Enable use of electronic means

A COVID-19 Response Bill has passed into law that includes provisions enabling the use of electronic means (including electronic voting and the use of electronic signatures) when an entity’s constitution or rules don’t permit this.

The use of electronic communications where otherwise not permitted, requires that the majority of the entity’s governing officers believe in good faith that it is not reasonably practicable to carry out the task by non-electronic means. These tasks are:

  1. having or recording information in writing
  2. calling or holding meetings, including for the purpose of establishing a quorum
  3. voting (though there are some matters that electronic voting can’t be used for)
  4. giving or receiving information
  5. making or keeping new records
  6. providing access to records or information held by or on behalf of the entity
  7. signing any instrument
  8. retaining any information.
See also

Electronic signatures and the Contract and Commercial Law Act 2017

Which entities may make use of these provisions

The provisions apply to:

  • building societies
  • charitable trust boards
  • companies
  • credit unions
  • firms
  • friendly societies
  • incorporated societies
  • industrial and provident societies
  • limited partnerships.

The provisions also apply to the following Māori governance entities:

  • assembled owners (under Te Ture Whenua Māori Act)
  • a mandated iwi organisation (under the Māori Fisheries Act)
  • a Māori Association (under the Māori Community Development Act)
  • a Māori land trust
  • a Māori incorporation
  • a body corporate or the trustees of a trust appointed to administer a Māori reservation, and
  • a Māori Trust Board.

These provisions also apply to post-settlement governance entities.

What are an entity’s obligations?

When using using electronic means as outlined above (e.g. electronic communications, electronic signatures), an entity must:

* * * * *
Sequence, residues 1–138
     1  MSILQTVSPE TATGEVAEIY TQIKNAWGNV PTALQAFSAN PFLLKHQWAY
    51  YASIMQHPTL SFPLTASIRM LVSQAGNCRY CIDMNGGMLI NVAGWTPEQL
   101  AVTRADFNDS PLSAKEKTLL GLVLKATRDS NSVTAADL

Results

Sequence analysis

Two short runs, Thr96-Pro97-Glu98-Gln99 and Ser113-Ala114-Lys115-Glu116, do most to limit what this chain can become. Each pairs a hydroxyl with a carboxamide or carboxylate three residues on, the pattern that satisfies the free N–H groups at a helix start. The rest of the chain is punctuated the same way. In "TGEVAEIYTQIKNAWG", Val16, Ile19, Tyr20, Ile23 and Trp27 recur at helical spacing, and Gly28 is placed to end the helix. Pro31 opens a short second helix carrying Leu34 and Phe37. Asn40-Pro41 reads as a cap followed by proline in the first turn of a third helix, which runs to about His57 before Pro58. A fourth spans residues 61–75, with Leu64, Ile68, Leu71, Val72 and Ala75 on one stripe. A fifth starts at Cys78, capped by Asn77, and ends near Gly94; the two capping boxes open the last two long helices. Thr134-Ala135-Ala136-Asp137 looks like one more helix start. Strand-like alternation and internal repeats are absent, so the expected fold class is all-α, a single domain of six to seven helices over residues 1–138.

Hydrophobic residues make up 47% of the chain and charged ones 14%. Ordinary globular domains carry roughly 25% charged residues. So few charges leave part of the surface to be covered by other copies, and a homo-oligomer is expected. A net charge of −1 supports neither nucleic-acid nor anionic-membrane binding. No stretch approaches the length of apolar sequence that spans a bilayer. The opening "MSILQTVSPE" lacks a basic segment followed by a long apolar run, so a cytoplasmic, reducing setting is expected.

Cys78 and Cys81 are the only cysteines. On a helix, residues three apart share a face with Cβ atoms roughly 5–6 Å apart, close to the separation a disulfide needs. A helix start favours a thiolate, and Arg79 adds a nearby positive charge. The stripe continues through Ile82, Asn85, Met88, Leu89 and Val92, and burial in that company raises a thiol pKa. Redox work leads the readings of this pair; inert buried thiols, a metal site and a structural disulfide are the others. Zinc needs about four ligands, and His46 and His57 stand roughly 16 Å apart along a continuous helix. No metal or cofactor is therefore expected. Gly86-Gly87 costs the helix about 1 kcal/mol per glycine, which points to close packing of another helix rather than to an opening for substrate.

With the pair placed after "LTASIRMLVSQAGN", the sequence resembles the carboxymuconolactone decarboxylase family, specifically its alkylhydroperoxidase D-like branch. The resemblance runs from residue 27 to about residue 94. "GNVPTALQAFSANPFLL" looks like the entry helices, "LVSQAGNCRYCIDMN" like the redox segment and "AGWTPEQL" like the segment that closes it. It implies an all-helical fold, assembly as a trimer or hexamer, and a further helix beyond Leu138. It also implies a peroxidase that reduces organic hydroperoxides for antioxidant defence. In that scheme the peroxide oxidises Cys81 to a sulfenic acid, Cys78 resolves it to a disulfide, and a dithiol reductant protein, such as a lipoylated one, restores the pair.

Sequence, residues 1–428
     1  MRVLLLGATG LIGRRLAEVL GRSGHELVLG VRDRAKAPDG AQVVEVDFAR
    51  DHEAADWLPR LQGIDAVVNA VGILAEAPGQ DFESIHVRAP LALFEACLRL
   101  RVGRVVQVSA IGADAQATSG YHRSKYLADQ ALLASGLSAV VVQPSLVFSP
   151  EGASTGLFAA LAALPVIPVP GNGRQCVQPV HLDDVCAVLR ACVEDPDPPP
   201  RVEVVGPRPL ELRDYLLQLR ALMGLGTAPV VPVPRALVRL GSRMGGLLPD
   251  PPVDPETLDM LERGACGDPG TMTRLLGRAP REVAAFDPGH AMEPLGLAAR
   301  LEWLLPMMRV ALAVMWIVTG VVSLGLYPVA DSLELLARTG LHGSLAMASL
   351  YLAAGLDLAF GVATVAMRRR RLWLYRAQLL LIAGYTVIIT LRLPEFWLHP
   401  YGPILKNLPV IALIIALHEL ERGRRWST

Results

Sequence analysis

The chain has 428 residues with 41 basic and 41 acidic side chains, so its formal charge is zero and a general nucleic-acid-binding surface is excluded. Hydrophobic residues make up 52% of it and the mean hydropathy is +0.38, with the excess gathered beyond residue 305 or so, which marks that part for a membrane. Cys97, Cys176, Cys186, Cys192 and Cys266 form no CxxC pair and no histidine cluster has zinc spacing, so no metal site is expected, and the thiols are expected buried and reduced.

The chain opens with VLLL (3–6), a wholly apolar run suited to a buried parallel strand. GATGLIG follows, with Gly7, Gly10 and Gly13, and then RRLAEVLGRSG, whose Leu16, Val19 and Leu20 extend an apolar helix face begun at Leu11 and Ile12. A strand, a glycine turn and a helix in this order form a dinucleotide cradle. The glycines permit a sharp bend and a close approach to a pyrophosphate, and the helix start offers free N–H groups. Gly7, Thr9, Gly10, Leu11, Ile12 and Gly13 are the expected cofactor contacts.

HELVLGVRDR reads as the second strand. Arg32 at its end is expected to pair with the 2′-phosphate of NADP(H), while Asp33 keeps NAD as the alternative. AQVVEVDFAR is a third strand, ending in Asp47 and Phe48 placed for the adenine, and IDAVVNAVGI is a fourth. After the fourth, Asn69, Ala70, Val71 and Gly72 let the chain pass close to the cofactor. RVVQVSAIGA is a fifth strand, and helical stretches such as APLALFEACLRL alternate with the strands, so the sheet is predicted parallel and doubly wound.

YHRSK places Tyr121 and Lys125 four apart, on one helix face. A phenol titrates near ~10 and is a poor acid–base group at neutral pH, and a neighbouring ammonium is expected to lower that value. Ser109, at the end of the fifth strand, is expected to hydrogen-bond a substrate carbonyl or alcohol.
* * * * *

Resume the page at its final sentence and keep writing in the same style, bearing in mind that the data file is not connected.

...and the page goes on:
• keep a record of their use and the reasons why (decided by a majority of governance officers)
  • as soon as is practicable after their use, make reasonable efforts to notify members of the matter
  • notify the responsible Registrar or agency (or Registrars if there is more than one for a particular entity) — this does not apply to a firm or post-settlement governance entity.

How to give notice to the Registrar

  1. Download the Notice of use of electronic means
  2. Complete the notice. Take care to read the notes on Page 2 of the form.
  3. Attach a copy of the record that outlines the reasons for the belief of the majority of its governing officers referred to in section 10(1)(b) (and section 10(1)(a) if relevant)).

Send your completed notice to us by email to covidnotices@mbie.govt.nz

What happens next?

When the responsible Registrar or agency receives a notification, they will make the information publicly available on the relevant register, and in any other way they see fit.

Questions and answers

How long will these provisions be in force?

All provisions apply until 30 November 2020, unless extended by an Order in Council, up to but no later than 31 March 2021.

Who will oversee these provisions?

The relevant authorities are the responsible Registrar or agency.

For all entities other than the Māori governance entities, the responsible Registrar is the Registrar who acts under the legislation under which the entity is registered or incorporated.

For the Māori governance entities:

  • The responsible Registrars or agencies for the purposes of the electronic means and modification provisions are:
    • The Chief Registrar of the Māori Land Court for entities under the Te Ture Whenua Māori Act
    • Te Puni Kōkiri for Māori Associations and Māori Trust Boards
    • Te Ohu Kaimoana for mandated iwi organisations
  • The responsible Registrars or Ministers for the purposes of the exemption provisions are:
    • The Minister for Māori Development (for entities under the Te Ture Whenua Māori Act, the Māori Community Development Act and the Māori Trust Boards Act)
    • The Minister for Fisheries (for entities under the Māori Fisheries Act)
  • The Chief Judge of the Māori Land Court is also empowered to grant relief to entities under the Te Ture Whenua Māori Act in relation to provisions that are usually set by the Court (e.g. terms of trust deeds).
  • An entity may have more than one responsible Registrar if, for example, they are also an incorporated society.

Last updated 4 June 2020